What is ash dieback?



<img src="https://images.immediate.co.uk/production/volatile/sites/4/2022/11/GettyImages675445424-2eb02db.jpg?quality=90&#038;resize=620,413" srcset="https://images.immediate.co.uk/production/volatile/sites/4/2022/11/GettyImages675445424-2eb02db.jpg?quality=90&amp;resize=720,479 720w, https://images.immediate.co.uk/production/volatile/sites/4/2022/11/GettyImages675445424-2eb02db.jpg?quality=90&amp;resize=576,383 576w, https://images.immediate.co.uk/production/volatile/sites/4/2022/11/GettyImages675445424-2eb02db.jpg?quality=90&amp;resize=360,239 360w, https://images.immediate.co.uk/production/volatile/sites/4/2022/11/GettyImages675445424-2eb02db.jpg?quality=90&amp;resize=180,119 180w, " sizes="(max-width: 620px) 100vw, 620px" width="620" height="413" class="wp-image-129893 alignnone size-landscape_thumbnail" alt="What is ash dieback? © Getty Images" title="What is ash dieback? © Getty Images" /> <p>Ash dieback is caused by a fungus called <a href="https://www.forestresearch.gov.uk/tools-and-resources/fthr/pest-and-disease-resources/ash-dieback-hymenoscyphus-fraxineus/" target="_blank" rel="noopener"><em>Hymenoscyphus fraxineus</em></a>, which typically enters through the leaves before spreading throughout the tree, eventually strangling its water transport system and causing it to die. <em>H.fraxineus</em> spores spread on the wind, travelling distances up to 16km (10 miles).</p>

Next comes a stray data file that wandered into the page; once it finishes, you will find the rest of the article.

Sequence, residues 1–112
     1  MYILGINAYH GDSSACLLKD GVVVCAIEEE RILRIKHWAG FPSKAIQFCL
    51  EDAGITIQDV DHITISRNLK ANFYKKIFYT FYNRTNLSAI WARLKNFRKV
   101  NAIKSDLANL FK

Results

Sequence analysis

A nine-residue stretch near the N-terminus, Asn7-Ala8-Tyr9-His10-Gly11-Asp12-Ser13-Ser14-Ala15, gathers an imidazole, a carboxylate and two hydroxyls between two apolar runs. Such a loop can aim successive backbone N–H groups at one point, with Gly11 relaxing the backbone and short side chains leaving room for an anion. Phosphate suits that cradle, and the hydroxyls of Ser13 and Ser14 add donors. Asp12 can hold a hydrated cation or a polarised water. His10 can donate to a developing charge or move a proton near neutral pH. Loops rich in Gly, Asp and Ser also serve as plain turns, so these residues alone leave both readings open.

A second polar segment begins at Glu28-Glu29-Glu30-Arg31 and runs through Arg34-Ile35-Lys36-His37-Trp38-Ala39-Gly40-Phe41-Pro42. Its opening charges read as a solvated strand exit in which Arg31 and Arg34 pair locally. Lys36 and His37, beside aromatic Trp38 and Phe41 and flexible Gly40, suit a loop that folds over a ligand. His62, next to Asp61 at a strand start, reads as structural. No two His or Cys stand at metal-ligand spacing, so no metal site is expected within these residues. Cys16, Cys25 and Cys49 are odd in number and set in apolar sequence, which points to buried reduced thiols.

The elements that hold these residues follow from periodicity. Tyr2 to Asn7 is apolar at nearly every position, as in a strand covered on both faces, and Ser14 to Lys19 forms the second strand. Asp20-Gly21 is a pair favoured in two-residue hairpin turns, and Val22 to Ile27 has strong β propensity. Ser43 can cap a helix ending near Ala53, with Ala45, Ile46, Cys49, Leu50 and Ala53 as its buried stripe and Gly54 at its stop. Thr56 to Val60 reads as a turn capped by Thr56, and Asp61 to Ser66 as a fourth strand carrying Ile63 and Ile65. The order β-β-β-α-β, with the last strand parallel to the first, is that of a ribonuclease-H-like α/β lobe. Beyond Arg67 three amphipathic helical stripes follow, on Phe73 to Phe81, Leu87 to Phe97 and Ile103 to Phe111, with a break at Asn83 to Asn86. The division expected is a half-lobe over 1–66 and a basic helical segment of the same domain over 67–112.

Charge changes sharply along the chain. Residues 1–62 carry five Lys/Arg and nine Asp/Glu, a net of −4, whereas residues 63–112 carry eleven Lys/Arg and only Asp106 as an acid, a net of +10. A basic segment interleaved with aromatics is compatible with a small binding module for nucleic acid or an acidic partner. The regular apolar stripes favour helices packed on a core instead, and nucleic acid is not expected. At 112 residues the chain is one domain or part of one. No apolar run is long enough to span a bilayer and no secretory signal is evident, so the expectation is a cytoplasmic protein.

<p><a href="https://www.woodlandtrust.org.uk/trees-woods-and-wildlife/tree-pests-and-diseases/key-tree-pests-and-diseases/ash-dieback/" target="_blank" rel="noopener">Ash dieback</a>, which originated in Asia, was first spotted in nurseries in eastern regions of the UK in 2012. Since then, it has spread westwards and is now <a href="https://cdn.forestresearch.gov.uk/2022/02/ashdieback_uk_outbreak_map4_10_web_version_may2020-scaled.jpg" target="_blank" rel="noopener">found throughout the British Isles</a>. There is no cure for the disease, and experts predict that it has the potential to obliterate up to 90 per cent of the UK’s 150 million mature ash trees, threaten dozens of species that rely exclusively on ash, and cost the economy an estimated £15bn.</p>
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<p><strong>Asked by: Ella Bradbury, via email</strong></p>
<p><em>To submit your questions email us at [email protected] (don’t forget to include your name and location)</em></p>



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